This article first appeared in the Scottish Daily Mail (Oct 3, 2015)
GLASGOW’S thirst for putting on large scale sporting events appears nothing short of unquenchable right now. With the effects of last year’s Commonwealth Games still being felt, the roar having only just died from the Davis Cup epic against Australia and the Hydro readying itself to welcome the finest gymnasts on the planet later this month, the opportunity and choice on offer for sports fans has rarely been greater in Scotland’s Dear Green Place.
This weekend, the city has been at it again, showcasing itself as over 30,000 people take to the streets to be part of this year’s Bank of Scotland Great Scottish Run events.
Sadly, the legendary Haile Gebrselassie wasn’t able to make it for what would have been one of the great farewells, but some of the best athletes ever to don a pair of trainers led the way over the 10k and half marathon distances.
As ever, Glasgow’s people responded and turned out in their numbers – just as they did last summer when Hampden was packed to its famous rafters when it was transformed into just about the finest athletics venue the country has ever seen.
That temporary solution was inspired and rightly lauded, yet some lament the fact there have not since been further opportunities in Scotland — save for the indoor athletics event at the Emirates Arena last January — for the appetite of those seeking the sight of top-level athletics to be sated.
European 400metres hurdles champion and Commonwealth silver medallist Eilidh Child, for one, would dearly love to see the Glasgow 2014 ball keep on rolling and the momentum carried into more athletics showcases in Scotland.
The ideal solution, she says, could also be a temporary one.
‘Something like the City Games in Glasgow would be amazing and I think it would be really well received, too,’ says Child. ‘I think people would love to come along and would really appreciate it.’
The Great City Games, which already exist in Manchester and Gateshead, are the brainchild of former Olympic athlete turned BBC broadcaster Brendan Foster. He is also chairman of the Great Run Company, the people behind the Great Scottish Run and its ever so slightly bigger brother, the Great North Run.
The City Games recipe is simple – put up a temporary athletics track, invite some top-class athletes and put on a show. What’s more, it’s free to watch.
Expansion plans are afoot to take the concept across the globe and Foster could not be more enthusiastic about Glasgow as a sporting destination, having seen first hand how the place rose to the Commonwealth occasion.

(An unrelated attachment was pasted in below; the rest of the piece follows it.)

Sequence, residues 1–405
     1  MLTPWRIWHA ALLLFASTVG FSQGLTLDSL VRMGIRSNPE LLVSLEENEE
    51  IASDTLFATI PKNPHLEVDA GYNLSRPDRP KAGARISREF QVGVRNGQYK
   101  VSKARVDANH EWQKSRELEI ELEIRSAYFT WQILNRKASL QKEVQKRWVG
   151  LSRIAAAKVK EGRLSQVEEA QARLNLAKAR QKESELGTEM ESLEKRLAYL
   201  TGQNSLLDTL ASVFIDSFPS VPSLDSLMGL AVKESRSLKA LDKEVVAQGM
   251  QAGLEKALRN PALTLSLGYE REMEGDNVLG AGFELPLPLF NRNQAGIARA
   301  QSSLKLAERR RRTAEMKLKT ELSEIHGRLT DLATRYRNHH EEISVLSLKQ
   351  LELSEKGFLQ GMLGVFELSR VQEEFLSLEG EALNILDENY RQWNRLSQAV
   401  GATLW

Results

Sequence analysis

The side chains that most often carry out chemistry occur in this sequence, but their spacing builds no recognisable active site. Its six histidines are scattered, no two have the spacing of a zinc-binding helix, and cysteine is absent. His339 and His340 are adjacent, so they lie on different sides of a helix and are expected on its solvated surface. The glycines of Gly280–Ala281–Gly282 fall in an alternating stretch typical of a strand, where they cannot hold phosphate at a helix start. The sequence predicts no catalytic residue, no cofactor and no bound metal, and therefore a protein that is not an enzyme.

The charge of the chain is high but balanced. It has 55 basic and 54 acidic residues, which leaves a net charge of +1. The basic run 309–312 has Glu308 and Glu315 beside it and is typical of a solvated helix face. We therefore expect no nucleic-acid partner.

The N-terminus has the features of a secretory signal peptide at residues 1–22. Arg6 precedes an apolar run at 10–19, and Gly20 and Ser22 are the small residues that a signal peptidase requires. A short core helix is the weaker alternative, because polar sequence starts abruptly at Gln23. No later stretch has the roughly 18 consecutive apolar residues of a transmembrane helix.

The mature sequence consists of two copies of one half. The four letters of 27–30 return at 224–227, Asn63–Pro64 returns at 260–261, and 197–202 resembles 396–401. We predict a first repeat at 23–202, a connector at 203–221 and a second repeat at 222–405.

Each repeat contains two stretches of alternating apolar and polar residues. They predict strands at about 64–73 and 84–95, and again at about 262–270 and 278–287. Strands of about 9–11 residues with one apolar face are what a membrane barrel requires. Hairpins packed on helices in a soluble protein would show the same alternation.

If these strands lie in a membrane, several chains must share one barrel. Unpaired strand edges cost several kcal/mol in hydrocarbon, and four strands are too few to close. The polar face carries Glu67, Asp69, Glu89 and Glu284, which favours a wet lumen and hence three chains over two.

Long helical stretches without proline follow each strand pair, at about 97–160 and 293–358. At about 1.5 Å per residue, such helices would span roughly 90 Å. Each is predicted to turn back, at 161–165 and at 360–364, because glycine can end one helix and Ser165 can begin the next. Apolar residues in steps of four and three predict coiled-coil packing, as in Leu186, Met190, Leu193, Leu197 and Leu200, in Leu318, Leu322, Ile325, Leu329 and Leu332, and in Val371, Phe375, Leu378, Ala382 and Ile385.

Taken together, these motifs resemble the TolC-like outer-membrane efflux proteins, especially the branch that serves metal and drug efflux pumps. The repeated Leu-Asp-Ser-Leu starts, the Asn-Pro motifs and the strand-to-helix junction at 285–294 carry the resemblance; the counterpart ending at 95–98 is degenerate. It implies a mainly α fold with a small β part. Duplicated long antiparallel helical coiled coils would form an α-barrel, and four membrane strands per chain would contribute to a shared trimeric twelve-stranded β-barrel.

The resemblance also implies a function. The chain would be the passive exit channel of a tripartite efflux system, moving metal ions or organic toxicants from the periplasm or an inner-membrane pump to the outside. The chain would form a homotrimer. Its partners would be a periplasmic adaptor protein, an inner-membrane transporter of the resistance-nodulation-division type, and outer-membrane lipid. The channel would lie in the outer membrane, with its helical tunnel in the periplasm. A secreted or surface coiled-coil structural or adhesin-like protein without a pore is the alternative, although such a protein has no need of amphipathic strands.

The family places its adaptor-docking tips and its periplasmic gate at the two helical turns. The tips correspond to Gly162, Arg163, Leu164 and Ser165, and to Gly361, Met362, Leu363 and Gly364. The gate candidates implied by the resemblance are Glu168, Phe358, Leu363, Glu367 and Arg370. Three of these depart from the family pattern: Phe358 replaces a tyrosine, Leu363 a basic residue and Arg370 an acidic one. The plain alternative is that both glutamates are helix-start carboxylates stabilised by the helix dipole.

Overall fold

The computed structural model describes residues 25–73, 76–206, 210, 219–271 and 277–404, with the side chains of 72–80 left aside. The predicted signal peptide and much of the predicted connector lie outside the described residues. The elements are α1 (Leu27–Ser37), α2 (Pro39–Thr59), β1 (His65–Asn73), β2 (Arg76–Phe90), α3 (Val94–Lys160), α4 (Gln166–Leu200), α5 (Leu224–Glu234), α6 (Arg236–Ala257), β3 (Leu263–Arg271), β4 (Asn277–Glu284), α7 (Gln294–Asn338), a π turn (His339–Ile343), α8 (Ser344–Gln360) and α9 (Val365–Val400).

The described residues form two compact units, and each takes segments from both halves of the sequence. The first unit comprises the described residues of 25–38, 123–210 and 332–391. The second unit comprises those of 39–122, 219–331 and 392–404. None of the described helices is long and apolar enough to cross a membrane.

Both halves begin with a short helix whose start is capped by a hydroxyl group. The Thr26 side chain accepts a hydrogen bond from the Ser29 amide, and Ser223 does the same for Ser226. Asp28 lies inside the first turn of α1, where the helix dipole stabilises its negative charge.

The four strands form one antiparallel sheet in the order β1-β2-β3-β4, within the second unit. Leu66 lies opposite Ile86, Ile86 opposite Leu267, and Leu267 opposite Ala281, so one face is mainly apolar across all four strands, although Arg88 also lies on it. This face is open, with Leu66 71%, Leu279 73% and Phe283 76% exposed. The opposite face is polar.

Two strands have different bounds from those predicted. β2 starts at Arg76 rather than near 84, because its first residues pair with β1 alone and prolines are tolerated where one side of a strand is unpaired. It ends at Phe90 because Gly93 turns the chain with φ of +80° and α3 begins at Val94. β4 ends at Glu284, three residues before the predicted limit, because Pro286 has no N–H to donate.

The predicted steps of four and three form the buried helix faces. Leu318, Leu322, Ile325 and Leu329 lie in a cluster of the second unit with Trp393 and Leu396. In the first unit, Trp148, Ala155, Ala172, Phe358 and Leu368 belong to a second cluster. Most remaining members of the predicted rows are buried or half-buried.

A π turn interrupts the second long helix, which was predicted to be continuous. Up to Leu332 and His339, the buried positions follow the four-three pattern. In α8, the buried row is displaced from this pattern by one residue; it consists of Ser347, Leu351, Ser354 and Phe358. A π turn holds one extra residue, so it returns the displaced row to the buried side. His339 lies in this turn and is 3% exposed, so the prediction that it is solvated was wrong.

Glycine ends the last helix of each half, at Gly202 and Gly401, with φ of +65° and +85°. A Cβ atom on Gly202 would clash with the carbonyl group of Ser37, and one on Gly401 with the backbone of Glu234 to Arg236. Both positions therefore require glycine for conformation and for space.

It doesn’t take a lot of imagination to picture a pop-up track in George Square, for example, does it?
‘We like the idea of bringing the best athletes in the world to the public in the middle of a city,’ he says. ‘That would be a very exciting project to take to Glasgow.
‘Scotland showed last year and with the Davis Cup that the country is about many sports, not just football. It’s a nation which has a great appetite for a huge diversity of sports and I agree with Eilidh Child.
‘The first step is we can bring the best distance runners in the world for the Great Scottish Run but if the opportunity to bring the City Games into the middle of the city was there then we’d be very, very happy to talk about that.
‘Glasgow has always been a great sporting city and I think the Commonwealth Games just underlined that. There has been great sport in Glasgow for centuries, hasn’t there?
‘I remember when I was at the Commonwealth Games, I met a bloke just inside Hampden and he said to me: “Am I going to see something special from David Rudisha tonight? Because I saw Haile Gebrselassie win the Great Scottish Run and I think Haile is the greatest long distance runner and I think David Rudisha is the greatest middle distance runner.
“I was so lucky because I came to this stadium and saw the greatest footballer of all time too when I saw Alfredo di Stefano play for Real Madrid in the final of the European Cup”.’
It’s the memories from, and the inspiration provided by, such events which Foster insists make them so worthwhile.
‘In the great North City games, the kids from Tyneside came along, ran the Great Junior Run then stood and watched Asbel Kiprop, an Olympic champion, running past them literally yards away from them,’ he adds.
‘Later that afternoon they saw Allyson Felix who’s won nine world championship gold medals.
‘They saw Kiprop, Dafne Schippers – who is a world champion – Felix, Mo Farah…all for free.
‘What you really want for the next generation, is like that bloke who told me he was privileged to see di Stefano, then Gebrselassie and David Rudisha.
‘That’s what stirs inspiration and memories. It’s memories for old people like me and it’s inspiration for the kids.
‘If you look at Glasgow and the Commonwealth Games and how they responded to that, then this is the next chapter really.
‘The previous Games in Delhi were a nightmare and what Glasgow did ensured that the Commonwealth Games has a rosy future.
‘The Commonwealth Games owes a huge debt to Glasgow, there’s no question about that.
‘The sport owes Glasgow a huge debt in that the future will be about putting temporary tracks into existing stadiums rather than building new stadiums.
‘I honestly don’t believe Glasgow got the true, worldwide credit because I think it saved the Commonwealth Games and I also think it showed the way forward for international athletics.’